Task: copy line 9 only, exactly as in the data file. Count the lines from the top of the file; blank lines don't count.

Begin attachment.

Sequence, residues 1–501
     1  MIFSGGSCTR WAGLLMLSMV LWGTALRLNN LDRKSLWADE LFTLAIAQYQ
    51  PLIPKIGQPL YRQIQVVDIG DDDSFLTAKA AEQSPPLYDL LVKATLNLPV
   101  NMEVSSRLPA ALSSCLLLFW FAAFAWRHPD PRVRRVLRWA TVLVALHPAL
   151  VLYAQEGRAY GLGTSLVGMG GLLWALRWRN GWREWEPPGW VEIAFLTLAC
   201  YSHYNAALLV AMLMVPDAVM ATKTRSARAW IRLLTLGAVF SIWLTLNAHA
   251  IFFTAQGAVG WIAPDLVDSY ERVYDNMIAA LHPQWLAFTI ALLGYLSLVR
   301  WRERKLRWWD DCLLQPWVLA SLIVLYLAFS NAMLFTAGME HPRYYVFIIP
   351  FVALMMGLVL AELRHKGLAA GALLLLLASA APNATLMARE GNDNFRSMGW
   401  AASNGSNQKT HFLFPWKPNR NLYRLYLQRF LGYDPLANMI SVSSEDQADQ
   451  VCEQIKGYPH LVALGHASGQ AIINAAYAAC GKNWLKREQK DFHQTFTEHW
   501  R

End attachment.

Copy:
   351  FVALMMGLVL AELRHKGLAA GALLLLLASA APNATLMARE GNDNFRSMGW